What’s the Use of Race in Migration Studies?

During my recent stay at the Department of Anthropology, University of Amsterdam, as a guest of the RaceFaceID project, led my Professor Amade M’charek, I was delighted to have the opportunity to speak about the silence about race in migration studies at Spui 25.

Event description

Migration and its problems are often understood through categories of the nation, or culture. But can we better understand migration through the lens of race, racialization and racism? Why are these categories so little addressed in studies about, say the ‘refugee crisis’, or ‘integration’? And what could be the use of race in migration studies?

The refugee crisis has not only been subject to intense and at times inflammatory public debates; it has also provided the field of migration studies with a renewed impetus to come to understand the political, economic, and cultural dynamics and consequences of people on the move. At the same time, both public and academic debates about the mobility of refugees have tended to draw on notions such as ethnicity or culture, while the concepts of race, racialization and racism have yet to inform our understanding of migration. This is a curious lacuna, for race as a particular technique of ordering bodies, experiences, and spaces, is a concept uniquely suited to understand the effects of bordering, movement, and circulations. In this workshop, we want to use the lens of race in order to shed light on dimensions of migration that may otherwise go unnoticed.

How does the phenotype make a return in practices of border policing and control? How do technologies of making certain bodies visible, governable, and traceable enact race? How does the body feature as a marker of difference in contemporary understandings of migration? How do and where does other registers of difference – sexuality, gender, class, and so on – inform and intersect with the way bodies are allowed to move (or not), allowed to stay put (or not)?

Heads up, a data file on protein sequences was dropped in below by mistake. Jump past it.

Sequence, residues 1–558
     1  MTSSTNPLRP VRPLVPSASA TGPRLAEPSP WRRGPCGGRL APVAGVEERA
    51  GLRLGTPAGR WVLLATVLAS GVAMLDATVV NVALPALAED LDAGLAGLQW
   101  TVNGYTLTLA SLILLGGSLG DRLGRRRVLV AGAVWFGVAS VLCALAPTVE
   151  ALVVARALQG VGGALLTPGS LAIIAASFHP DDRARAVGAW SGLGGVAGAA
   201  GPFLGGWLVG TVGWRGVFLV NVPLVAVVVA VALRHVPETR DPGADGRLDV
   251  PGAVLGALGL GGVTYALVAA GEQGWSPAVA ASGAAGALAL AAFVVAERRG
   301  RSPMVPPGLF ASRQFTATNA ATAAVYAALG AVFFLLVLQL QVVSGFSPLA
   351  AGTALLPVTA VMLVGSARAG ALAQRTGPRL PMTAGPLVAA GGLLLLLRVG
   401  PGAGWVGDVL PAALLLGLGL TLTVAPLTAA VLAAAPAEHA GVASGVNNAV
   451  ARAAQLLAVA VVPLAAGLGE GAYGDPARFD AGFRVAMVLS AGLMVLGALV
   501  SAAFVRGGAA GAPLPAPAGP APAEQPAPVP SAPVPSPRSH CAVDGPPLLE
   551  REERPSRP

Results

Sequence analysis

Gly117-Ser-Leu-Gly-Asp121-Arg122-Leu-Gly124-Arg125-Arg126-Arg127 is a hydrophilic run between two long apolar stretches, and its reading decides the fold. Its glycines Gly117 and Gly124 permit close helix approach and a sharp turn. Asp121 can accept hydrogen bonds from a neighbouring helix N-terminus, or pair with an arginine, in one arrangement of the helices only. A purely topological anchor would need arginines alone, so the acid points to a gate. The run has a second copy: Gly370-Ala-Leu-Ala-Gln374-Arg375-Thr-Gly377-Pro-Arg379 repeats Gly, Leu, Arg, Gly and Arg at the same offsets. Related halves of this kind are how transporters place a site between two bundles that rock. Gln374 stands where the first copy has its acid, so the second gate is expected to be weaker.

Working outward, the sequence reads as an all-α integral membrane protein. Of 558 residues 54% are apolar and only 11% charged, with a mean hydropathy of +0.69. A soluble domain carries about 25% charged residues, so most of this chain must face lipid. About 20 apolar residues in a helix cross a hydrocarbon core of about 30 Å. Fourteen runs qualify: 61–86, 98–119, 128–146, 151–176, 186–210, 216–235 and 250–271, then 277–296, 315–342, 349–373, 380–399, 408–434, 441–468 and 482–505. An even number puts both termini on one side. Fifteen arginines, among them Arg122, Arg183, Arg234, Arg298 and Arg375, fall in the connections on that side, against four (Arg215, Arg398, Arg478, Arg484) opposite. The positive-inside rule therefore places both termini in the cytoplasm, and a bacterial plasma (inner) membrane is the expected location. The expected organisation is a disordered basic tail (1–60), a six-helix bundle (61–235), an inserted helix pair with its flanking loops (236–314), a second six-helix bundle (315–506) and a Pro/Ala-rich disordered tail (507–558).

In this workshop, professor of cultural and social analysis Alana Lentin will discuss these concepts, while short provocations to debate will be provided by political scientists Darshan Vigneswaran and Saskia Bonjour and anthropologist Amade M’charek.

About the speakers

Alana Lentin is Associate Professor in Cultural and Social Analysis at Western Sydney University. She works on the critical theorization of race, racism and antiracism. She is co-editor of the Rowman and Littlefield International book series, Challenging Migration Studies, and the President of the Australian Critical Race & Whiteness Studies Association. Her latest books are Racism and Sociology (with Wulf D. Hund) and The Crisis of Multiculturalism: Racism in a Neoliberal Age (with Gavan Titley).

Saskia Bonjour is assistant professor of political science at the University of Amsterdam. Her research focuses on the politics of migration and citizenship in the Netherlands and in Europe. She is especially interested in family migration, civic integration, gender and migration, and Europeanisation.

Darshan Vigneswaran is the Co-Director of the Institute for Migration and Ethnic Studies and Assistant Professor at the UvA Department of Political Science. He aims to understand and explain deep changes in the structure of international politics. In his work, he focuses on how the state’s claim to territory has been reconfigured in response to changing patterns of human mobility and settlement.

Amade M’charek is Professor of Anthropology of Science at the UvA’s department of. She is the principal investigator of the RaceFaceID project, an ERC consolidator project on face and race in forensic investigations.


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